Dismiss Notice
Join Physics Forums Today!
The friendliest, high quality science and math community on the planet! Everyone who loves science is here!

Why Are The Laws of Physics Not Symmetrical Between Left and Right?

  1. Jun 5, 2013 #1
    Greeting people of Physics,

    Why are the laws of physics not symmetrical between left and right, future and past, and between matter and antimatter? I.e., what is the mechanism of CP violation, and what is the origin of parity violation in Weak interactions? Are there right-handed Weak currents too weak to have been detected so far? If so, what broke the symmetry? Is CP violation explicable entirely within the Standard Model, or is some new force or mechanism required?

    Kind Regards,
    AlfieD
     
  2. jcsd
  3. Jun 5, 2013 #2

    ZapperZ

    User Avatar
    Staff Emeritus
    Science Advisor
    Education Advisor
    2016 Award

    I'm not sure if anyone can give you a reason about the "why" part. But you have a misunderstanding here.

    The laws of physics ARE symmetrical in the symmetry that you mentioned - except for some. That's the most important aspect. CP-symmetry is obeyed in the overwhelming majority of events except for rare decay cases, for example.

    So it is incorrect to say that the laws of physics are not symmetrical. The more accurate question here is why it isn't symmetrical in these few cases.

    Zz.
     
  4. Jun 5, 2013 #3

    Simon Bridge

    User Avatar
    Science Advisor
    Homework Helper
    Gold Member
    2016 Award

    I think the short answer to this one is "nobody knows".

    The future past thing is a bit different though isn't it?
    I think Newton's laws are time reversible, and Einstein Relativity ... but the distinction appears to be tied up with the way memory works, and entropy.

    On the whole, I would prefer to see how you have attempted to find the answers yourself, and at what education level, before going into detail. Saves writing.
     
  5. Jun 5, 2013 #4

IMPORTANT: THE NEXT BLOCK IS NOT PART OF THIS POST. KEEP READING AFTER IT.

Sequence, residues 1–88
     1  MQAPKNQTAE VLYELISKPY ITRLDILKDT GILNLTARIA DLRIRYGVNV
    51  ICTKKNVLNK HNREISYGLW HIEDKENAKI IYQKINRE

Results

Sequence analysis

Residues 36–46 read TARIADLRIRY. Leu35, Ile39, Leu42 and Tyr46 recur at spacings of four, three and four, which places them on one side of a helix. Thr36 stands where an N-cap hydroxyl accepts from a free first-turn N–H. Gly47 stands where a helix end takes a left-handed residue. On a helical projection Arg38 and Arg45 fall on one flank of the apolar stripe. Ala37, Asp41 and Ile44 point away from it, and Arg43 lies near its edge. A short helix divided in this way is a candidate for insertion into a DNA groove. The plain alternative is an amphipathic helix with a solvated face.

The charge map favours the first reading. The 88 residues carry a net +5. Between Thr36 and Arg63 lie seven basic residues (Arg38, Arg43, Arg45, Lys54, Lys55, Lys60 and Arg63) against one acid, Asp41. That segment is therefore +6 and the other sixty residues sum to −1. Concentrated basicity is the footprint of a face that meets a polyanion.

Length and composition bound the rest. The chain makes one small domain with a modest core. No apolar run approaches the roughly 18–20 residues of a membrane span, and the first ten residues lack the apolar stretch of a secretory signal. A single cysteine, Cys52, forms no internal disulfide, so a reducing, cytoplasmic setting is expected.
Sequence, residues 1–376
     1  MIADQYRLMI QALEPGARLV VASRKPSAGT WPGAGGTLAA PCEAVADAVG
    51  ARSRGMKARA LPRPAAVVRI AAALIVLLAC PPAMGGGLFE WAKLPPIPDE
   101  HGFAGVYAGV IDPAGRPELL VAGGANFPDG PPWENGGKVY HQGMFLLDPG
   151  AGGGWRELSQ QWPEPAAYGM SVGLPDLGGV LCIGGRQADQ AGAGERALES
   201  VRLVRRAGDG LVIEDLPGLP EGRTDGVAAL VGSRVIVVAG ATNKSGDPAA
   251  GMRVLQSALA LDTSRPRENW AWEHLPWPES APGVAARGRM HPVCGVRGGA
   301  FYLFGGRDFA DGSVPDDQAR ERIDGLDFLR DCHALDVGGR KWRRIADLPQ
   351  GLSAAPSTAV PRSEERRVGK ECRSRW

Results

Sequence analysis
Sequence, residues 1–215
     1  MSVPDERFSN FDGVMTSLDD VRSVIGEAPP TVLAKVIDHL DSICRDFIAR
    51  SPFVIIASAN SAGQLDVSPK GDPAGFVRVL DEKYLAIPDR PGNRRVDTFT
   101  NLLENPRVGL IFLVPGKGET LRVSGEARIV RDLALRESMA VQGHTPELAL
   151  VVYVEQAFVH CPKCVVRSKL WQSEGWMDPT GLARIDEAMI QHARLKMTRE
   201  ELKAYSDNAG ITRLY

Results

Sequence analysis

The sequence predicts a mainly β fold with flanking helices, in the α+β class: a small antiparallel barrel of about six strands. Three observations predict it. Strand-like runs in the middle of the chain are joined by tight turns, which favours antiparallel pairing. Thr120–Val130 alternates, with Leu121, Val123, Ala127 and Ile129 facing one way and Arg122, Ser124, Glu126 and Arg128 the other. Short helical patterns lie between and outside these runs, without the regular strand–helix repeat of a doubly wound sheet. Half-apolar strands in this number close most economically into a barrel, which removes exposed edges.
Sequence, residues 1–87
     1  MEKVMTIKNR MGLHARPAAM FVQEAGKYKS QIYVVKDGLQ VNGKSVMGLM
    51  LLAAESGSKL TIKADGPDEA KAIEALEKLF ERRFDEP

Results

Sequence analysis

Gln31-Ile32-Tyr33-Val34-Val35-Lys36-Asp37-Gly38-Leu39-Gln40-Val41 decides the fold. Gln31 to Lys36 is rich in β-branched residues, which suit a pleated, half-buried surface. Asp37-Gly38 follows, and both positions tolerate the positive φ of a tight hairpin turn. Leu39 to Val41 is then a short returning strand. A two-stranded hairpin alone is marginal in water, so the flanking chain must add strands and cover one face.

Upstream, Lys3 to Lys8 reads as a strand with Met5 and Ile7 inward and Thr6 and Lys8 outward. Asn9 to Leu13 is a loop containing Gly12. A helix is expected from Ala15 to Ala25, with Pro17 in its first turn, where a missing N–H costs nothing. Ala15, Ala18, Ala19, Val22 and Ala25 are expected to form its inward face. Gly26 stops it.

Simon, to be honest, I haven't really attempted to find any answers myself; I wouldn't know where to start other than via the use of the famed 'Google Search'! As to what education level, I'm in Year 8 (Physics being my best and favourite subject; obviously) and do A-Level Physics on Fridays and I'm just curious as to how things work etcetera.

    Kind Regards,
    AlfieD
     
  6. Jun 5, 2013 #5
    There are two parameters in the Standard Model that each produce CP violation: http://en.wikipedia.org/wiki/Cp_violation#CP_violation_in_the_Standard_Model

    In the SM the SU(2) part of the weak interaction only couples to left-handed fermions, and not to their parity partners, the right-handed fermions. This is the mechanism of parity violation. The SM doesn't provide an explanation for why the weak interaction should behave this way.

    Not in the SM.

    This seems to assume that P used to be a good symmetry and then it got spontaneously broken. I don't think there's any reason to believe the P was ever a good symmetry, though.

    All existing accelerator measurements of CP violation can be explained as coming from the two CP-violating parameters of the Standard Model. One thing the SM doesn't seem to explain is the observed predominance of matter over antimatter in the universe, assuming the universe started out with equal amounts of both. I believe that this is thought to require new physics, as there is not enough CP violation in the SM to produce the observed abundance of matter.
     
  7. Jun 5, 2013 #6

    Bill_K

    User Avatar
    Science Advisor

     
  8. Jun 5, 2013 #7
    Certain equations don't stay the same when you make the transformation x --> -x'
     
  9. Jun 5, 2013 #8